Already, the demand for health services is increasing constantly. In 2013/14 there were 64 per cent more operations completed by the NHS compared to 2003/04, with an increase from 6.712m to 11.030m. There were 15.462m total hospital admissions in 2013/14, 32 per cent more than a decade earlier (11.699m). The increase has an effect on both cost and quality of the service. At the end of April 2015, there were 3.026 million patients on the waiting list for treatment. 6.7% had been waiting for longer than 18 weeks, compared to 6.3% at the same point in 2014. NHS net expenditure (resource plus capital, minus depreciation) has increased from £64.173 billion in 2003/04 to £109.721bn in 2013/14. Planned expenditure for 2014/15 is £113.035bn and for 2015/16 is around £116.4bn. Health expenditure per capita in England has risen from £1,712 in 2008/09 to £1,912 in 2012/13. “The NHS is facing a perfect storm, caught between huge increases in demand and the prospect of a massive £30 billion deficit. Without revolutionary change the NHS as we know it will become unsustainable,” said NHS England Chairman, Sir Malcolm Grant.

Understanding NHS Health Technology Assessment - The National Institute for Health and Care Excellence (NICE) and its various programmes

Understanding this background is important for medical device companies who intend to market their products in the UK. Like many others, the British healthcare system is faced with the challenge to uphold healthcare standards with decreasing funds. Innovative technologies to treat patients more efficiently will certainly be part of the solution.

The most important organization to introduce new technologies in the UK healthcare system is the National Institute for Health and Care Excellence (NICE). There is always confusion about what NICE does, its guidance and what it means. NICE run many different programmes, looking at Medical Devices and Diagnostics in many ways from safety and efficacy, to patient, system and economic benefit.

NICE is the national guidance organization providing guidance to the health and social care system on public health interventions, care pathways and specific technologies. NICE guidance helps the UK’s National Health Service (NHS) adopt effective and cost-efficient technologies and procedures. NICE Guidance is highly influential among health authorities across the World. The organisation achieves that by thoroughly reviewing of the evidence and by incorporating advice and expertise from experts, patients and care-givers. The organisation does this nationally for local health authorities, for local government, for charities, and for anyone with a responsibility for commissioning or providing health and social care. With the exception of some Technology Appraisal (TA) guidance, there is no legal requirement for the hospitals and clinicians to comply with the recommendations NICE makes, although it is considered best clinical practice for the NHS to do so.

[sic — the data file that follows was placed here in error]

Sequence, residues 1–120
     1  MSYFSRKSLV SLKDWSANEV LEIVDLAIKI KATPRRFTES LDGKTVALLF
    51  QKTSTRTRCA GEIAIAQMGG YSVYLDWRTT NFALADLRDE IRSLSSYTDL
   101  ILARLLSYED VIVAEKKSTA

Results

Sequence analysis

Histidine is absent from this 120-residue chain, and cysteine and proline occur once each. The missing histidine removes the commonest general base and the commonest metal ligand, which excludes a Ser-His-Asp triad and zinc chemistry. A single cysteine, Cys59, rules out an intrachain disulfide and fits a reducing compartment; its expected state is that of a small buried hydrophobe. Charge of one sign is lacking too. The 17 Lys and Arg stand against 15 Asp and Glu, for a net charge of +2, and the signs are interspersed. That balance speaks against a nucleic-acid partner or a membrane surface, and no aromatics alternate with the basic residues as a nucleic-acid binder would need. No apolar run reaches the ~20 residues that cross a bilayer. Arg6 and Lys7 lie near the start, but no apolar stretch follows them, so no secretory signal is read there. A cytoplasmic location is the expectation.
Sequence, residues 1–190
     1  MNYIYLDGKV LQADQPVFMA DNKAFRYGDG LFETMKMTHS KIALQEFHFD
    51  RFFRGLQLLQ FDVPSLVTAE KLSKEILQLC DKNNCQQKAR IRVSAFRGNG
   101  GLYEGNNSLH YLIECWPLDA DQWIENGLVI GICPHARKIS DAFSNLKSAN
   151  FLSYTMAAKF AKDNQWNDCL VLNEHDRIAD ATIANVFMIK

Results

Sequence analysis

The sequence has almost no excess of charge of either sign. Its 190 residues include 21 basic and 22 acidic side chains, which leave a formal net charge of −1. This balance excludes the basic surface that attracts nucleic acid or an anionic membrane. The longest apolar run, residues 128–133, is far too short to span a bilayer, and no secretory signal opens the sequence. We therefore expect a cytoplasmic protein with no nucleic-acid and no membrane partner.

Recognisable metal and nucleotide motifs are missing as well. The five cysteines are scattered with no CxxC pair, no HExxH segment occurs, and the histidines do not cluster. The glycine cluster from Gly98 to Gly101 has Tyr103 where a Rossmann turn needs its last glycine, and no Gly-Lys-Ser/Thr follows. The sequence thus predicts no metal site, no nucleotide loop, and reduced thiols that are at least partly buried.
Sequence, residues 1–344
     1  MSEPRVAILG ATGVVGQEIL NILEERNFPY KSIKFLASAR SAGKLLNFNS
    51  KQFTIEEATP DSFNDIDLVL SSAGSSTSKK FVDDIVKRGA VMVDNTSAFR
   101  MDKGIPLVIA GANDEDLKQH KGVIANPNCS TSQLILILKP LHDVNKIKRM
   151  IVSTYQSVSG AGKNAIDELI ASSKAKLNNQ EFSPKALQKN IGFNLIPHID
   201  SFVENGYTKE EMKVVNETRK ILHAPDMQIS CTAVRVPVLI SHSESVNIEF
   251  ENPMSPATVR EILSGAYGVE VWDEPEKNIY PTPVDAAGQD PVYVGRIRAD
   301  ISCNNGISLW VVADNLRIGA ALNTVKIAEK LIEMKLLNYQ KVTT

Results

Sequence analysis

It became clear that NICE had not applied the same level of varied assessment in the device and diagnostic area as they did with pharmaceuticals. Until 2010 there were really only two main programmes that evaluated new medical technologies Interventional Procedures (or IP) Programme, and Technology Appraisal (or TA) Programmes. In 2010 two new programmes were introduced – Medical Technology Guidance or MTG, and Diagnostic Assessment Programme or DAP.